JEROME DAVID SALINGER
THE CATCHER IN THE RYE (1951)
As a novelist, J.D. Salinger belongs to a distinct group of American writers who began their literary careers during or immediately after the Second World War, the so-called "young novelists" – James Baldwin, William Styron, etc.
The Ctcher in the Rye confirmed and sustained his reputation and gained him a position as one of the most important American writers of the young generation. The book is nevertheless a first-rate novel and one of the most convincing studies of adolescence ever to be written by an American. Salinger is widely seen as a keen students of children. In 1951 he published The Catcher in the Rye – a touching psychological study of adolescence, in which he views the American way of life through the eyes of a teen-age nonconformist, Holden Caulfield, a twentieth century rival of Twain's Huck Finn. Holden is a person whose defining quality is his inability to behave according to the strict morals and social code of the day. Salinger's sensitive and defiant school boy defies conventions and remains innocent about them. Holden images himself protecting a group of children happily playing in a rye field, from falling into a nearby precipice: "keep picturing these little kids, playing some game in this big field of rye....Thousands of little kids, and nobody around – nobody big, I mean except me. And I am standing on the edge of some crazy cliff. What I have to do? I have to catch everybody if they start to go over the cliff. I mean – if they are running and they don't look where they are going. I have to come out from somewhere and catch them. That's all I do all day. I'd just be the catcher in the rye and all."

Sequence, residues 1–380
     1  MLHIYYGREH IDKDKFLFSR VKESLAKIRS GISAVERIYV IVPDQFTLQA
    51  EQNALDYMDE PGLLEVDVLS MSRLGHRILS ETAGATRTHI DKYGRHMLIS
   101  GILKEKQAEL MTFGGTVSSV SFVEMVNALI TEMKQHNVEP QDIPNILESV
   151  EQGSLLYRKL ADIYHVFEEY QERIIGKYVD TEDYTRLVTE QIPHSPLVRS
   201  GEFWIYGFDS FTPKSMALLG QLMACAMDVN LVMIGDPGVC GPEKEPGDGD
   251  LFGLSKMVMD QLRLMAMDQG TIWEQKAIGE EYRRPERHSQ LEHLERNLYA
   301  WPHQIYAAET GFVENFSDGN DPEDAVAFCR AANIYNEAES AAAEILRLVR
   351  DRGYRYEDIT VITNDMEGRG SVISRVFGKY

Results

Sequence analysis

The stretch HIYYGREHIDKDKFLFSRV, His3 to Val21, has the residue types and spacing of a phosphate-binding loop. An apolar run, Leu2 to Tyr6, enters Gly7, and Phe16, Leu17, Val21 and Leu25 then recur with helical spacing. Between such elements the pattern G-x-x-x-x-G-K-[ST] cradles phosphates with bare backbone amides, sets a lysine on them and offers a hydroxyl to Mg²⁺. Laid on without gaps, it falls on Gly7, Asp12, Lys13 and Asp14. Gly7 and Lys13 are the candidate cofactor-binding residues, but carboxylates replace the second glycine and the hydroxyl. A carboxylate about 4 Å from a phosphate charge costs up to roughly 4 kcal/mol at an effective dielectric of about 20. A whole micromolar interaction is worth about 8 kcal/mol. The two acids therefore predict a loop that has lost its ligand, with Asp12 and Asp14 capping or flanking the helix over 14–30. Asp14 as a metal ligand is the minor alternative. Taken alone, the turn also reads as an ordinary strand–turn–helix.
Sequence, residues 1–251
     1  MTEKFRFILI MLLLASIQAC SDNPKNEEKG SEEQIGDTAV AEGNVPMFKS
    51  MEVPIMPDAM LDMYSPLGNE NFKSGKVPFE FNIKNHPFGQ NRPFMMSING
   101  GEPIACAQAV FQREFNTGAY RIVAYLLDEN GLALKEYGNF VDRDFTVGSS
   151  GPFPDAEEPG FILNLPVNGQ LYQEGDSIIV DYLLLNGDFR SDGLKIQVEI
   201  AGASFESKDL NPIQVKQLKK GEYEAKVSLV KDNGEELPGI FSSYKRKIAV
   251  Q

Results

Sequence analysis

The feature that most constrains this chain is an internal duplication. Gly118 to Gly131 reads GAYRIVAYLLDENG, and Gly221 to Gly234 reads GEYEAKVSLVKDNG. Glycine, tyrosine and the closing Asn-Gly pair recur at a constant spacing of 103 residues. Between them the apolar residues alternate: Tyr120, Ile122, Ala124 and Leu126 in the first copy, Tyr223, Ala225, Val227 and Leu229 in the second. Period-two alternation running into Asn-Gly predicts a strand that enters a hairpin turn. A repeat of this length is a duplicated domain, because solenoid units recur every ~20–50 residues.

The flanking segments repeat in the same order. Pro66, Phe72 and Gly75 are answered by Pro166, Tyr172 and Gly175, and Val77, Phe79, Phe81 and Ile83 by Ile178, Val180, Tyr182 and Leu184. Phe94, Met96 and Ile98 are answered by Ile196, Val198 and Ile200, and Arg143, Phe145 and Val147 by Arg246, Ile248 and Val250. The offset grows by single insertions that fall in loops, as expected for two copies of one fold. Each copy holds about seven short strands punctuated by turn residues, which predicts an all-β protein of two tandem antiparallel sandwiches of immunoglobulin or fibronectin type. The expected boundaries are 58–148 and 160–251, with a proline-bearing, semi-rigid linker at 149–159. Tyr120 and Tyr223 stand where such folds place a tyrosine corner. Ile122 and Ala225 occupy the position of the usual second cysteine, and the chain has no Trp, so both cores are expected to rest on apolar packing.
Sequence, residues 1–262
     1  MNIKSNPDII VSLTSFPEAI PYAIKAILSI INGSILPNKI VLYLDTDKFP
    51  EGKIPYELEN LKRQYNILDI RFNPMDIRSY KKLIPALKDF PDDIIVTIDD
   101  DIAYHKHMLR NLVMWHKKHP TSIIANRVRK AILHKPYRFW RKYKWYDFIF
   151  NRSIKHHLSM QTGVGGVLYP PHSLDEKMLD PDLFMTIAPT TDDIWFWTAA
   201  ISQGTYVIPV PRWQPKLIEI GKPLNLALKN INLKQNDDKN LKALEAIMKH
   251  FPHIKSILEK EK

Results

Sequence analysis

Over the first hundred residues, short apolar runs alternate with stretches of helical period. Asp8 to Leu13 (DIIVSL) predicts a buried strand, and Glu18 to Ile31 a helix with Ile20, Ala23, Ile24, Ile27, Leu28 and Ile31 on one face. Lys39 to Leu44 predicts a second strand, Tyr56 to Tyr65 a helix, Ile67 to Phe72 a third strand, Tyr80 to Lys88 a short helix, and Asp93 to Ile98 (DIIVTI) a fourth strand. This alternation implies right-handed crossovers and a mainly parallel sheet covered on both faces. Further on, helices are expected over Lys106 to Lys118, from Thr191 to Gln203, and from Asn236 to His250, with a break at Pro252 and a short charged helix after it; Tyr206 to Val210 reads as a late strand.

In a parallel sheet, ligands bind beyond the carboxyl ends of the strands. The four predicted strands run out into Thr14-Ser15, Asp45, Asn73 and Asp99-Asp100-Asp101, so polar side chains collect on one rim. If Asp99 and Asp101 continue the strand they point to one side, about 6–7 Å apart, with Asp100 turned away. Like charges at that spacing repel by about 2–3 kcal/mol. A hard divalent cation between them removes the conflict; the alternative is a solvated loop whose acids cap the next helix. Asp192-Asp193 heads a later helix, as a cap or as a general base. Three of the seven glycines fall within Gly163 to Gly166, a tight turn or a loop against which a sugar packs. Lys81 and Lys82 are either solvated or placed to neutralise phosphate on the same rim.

Facing hypocrisy, Holden dreams of innocent childhood, of a never-ending game. The symbol is obvious- Holden will be the one who catches children not to fall into the precipice of adulthood, preserving their pure and innocent state.
The excerpt from the book (chapter 9) concentrates on the idea of Holden's obsessive retreat into a fantasy world symbolized here by his genuine concern for the fate of the ducks in Central Park. It illustrates Holden's loneliness and alienation from the "phony society" full of taboos, norms and convention which are but a front for its lack of purpose, hypocrisy and prejudices. Salinger observes in his hero the so-called "phenomenon of immaturity", the desire not to grow up of the post-war young American generation. Holden is rejected by society (dominant theme of the novel is the helplessness of the adolescent – half child, half adult – in an adult society). But since society doesn't give "a damn" about him, he doesn't give "a damn" about it either. He creates a world of his own, emphasizing his higher sensitivity and thirst for purity. His rejection is complete when he cannot communicate with the cab driver, who, all the other grown-ups in his life, is a "corny wise guy". When he tries to find out from the driver where the ducks on the lagoon near Central Park South go in winter, the driver thinks he wants to "kid" him. The idea is that Holden feels he is a helpless duck himself, with no place to go either. At the same time, his concern for the fate of the little ducks is genuine, standing for and accounting for his innocent and tender inner nature. But no one is concerned with his feelings. Holden's final attitude towards the cab driver is one of bitter revenge. He ironically assumes the pose and language of a man of the world and, in a very elaborate English, gives him his reasons for changing his mind about the address. He tells the driver he is "travelling incognito", acting, in his own words, "corny with somebody that's corny".
This novel, written in the first person, is a masterpiece of extended monologue, it is all related in Holden's own defiant, ungrammatical, slangy and cryptic way of talking and yet manages to express great subtlety and insight. Salinger uses the real, colloquial words and phrases, repetitions, lacking any adornments or stylistic devices. Thus, we notice in it frequent Americanisms, (booth, guy, mac) slang words (corny, cab) colloquialisms ("then I thought of", "and all") and the use of a rare word ("incognito") employed with a comic effect.
The point of view used by Salinger gives more authenticity to the story. He allows the central character to relate his "adventures" in his own way and language. Such a point of view is called – first person narrative. But Holden is an objective character. He is objective about himself even when that objectivity may reflect discreditably upon himself.